The EPS major is for undergraduates interested in the study of the physical, chemical, and biological processes that shape the Earth and the other planets, drawing on the disciplines of geology, geochemistry, hydrology, ecology, geobiology, oceanography, and atmospheric science.

The GECS major is an interdepartmental program introducing students to the science of the Earth and its living and nonliving systems, as well as how humans interact with Earth and its natural systems and how humans can use powerful tools, such as policy and communication, to harm or help those systems. The goals are to advance awareness of the magnitude and consequences of these issues and to train the next generation of problem-solvers who will address the effects of global environmental change.

East Asian Studies

Doctoral Major Full-time In-person
  • Krieger School of Arts and Sciences

Johns Hopkins has a long history of influence in East Asia, and its students and faculty have made enduring contributions to the field of East Asian studies. Majors in East Asian studies engage in intensive language study and work with distinguished faculty on such topics as China in the global economy, nationalism in East Asia, Korean identity in Japan, and women in East Asia.

Our students pursue original research projects in East Asia with the support of intersession and summer travel grants, stipends for conference presentations, a senior thesis honors option, and seminars that bring together research scholars, faculty, graduate students, and undergraduates in a manner that is distinctly Hopkins. Alumni of the program are making their mark around the world in business and finance, academia, law, international development, medicine and public health, engineering, media, public service, and the arts.

The East Asian Studies Program is a burgeoning center of research and teaching across a wide range of disciplines, including history, history of medicine, political science, political economy, sociology, literature, philosophy and more. A speaker series, film series and weekly language corners foster the intellectual and cultural community of East Asia-centered learning on campus, and study abroad opportunities abound.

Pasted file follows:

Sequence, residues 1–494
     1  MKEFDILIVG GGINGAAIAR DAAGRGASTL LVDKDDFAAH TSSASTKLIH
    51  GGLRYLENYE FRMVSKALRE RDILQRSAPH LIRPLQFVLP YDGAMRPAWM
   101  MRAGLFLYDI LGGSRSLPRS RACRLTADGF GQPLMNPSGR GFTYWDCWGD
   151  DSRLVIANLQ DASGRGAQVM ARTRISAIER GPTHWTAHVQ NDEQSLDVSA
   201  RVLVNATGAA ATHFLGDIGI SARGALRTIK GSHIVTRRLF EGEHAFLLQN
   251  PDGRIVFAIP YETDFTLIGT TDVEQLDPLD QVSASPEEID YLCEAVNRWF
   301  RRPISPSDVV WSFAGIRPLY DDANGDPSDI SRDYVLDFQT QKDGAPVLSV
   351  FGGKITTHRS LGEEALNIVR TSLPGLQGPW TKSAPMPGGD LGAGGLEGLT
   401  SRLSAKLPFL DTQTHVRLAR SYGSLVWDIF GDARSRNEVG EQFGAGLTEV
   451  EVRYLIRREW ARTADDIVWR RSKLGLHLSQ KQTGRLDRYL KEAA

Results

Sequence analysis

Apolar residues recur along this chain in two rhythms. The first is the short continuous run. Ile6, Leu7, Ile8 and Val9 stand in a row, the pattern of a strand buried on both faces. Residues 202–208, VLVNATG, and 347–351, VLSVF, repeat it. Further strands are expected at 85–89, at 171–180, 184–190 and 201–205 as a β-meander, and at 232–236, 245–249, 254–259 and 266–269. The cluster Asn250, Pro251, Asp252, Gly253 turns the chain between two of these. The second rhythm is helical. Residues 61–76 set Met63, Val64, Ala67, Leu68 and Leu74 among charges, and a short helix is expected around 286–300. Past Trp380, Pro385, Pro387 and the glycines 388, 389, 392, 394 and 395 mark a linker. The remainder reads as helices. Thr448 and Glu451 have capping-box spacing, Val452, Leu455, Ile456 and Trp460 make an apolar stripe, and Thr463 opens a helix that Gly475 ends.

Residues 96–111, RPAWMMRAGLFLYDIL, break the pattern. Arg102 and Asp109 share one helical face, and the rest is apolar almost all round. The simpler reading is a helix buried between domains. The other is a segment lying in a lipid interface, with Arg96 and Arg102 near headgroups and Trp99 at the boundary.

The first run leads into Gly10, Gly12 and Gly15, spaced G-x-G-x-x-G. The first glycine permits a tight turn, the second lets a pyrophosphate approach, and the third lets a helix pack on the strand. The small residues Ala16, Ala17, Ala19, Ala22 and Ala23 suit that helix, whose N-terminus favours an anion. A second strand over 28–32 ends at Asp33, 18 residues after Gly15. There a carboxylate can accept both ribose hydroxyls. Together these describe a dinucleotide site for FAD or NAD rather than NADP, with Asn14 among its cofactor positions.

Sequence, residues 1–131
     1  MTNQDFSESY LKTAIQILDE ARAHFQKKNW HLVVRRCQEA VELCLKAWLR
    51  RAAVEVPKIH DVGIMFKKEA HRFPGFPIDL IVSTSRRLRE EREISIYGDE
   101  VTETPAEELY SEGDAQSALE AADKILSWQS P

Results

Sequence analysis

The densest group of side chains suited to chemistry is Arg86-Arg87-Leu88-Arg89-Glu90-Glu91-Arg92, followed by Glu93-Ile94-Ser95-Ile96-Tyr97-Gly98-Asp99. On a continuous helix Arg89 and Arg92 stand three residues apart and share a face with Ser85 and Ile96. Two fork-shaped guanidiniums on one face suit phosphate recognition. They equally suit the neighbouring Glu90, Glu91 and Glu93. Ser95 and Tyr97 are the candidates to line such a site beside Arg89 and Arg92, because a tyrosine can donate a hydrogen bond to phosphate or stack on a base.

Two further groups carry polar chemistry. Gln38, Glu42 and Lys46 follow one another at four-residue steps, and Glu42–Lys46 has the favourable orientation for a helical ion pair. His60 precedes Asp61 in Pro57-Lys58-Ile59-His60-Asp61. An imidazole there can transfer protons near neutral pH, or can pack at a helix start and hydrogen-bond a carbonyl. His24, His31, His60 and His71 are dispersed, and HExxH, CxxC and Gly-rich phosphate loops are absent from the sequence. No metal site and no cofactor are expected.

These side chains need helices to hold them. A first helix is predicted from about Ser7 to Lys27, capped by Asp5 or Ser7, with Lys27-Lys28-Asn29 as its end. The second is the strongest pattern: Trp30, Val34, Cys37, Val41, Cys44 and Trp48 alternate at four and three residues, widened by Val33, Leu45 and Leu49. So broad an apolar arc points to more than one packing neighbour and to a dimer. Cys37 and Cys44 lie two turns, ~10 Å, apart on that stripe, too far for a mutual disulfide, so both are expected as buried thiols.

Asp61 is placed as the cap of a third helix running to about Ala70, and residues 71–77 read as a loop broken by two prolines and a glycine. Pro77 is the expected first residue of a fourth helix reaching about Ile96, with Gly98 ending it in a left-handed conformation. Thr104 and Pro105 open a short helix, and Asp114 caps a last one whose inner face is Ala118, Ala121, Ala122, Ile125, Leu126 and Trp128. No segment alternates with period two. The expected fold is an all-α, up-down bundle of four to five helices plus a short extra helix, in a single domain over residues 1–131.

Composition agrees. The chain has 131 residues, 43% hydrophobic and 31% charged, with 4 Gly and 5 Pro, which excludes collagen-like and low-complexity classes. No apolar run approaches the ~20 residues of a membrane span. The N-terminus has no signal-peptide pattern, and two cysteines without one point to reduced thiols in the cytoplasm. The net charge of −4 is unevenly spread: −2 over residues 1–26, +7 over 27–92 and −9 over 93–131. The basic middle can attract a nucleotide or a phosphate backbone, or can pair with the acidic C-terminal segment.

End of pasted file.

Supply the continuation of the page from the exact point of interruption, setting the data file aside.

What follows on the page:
Doctoral Major Minor Full-time In-person
  • Krieger School of Arts and Sciences

The Department of Economics at Johns Hopkins University is one of the leading departments of economics in the U.S., with outstanding strength in its research faculty, graduate program, and undergraduate program.

The department offers a focused approach that sets it apart from other economics programs around the world. Faculty and graduate students engage in the exploration of five economic disciplines: applied microeconomics, economic theory, macroeconomics, econometrics, and finance.

Economics students at Johns Hopkins receive the kind of unique, intensive, and mutually respectful education that routinely places the department among the highest ranked economics programs in the United States.

The opportunity to learn directly from innovative thinkers draws students to the department. Faculty at the forefront of their fields incorporate the results of recent research into courses in microeconomics, econometrics, monetary economics, investments, managerial economics, mathematical economics, uncertainty, forecasting, and game theory.

The university’s proximity to Washington, D.C., draws to campus experts from institutions such as the Federal Reserve Bank and think tanks such as The Brookings Institution. The location also provides exceptional opportunities for internships and independent study. The Center for Financial Economics offers a rich array of courses in finance that are designed for students who have the mathematical and statistical background to pursue the field at a rigorous level.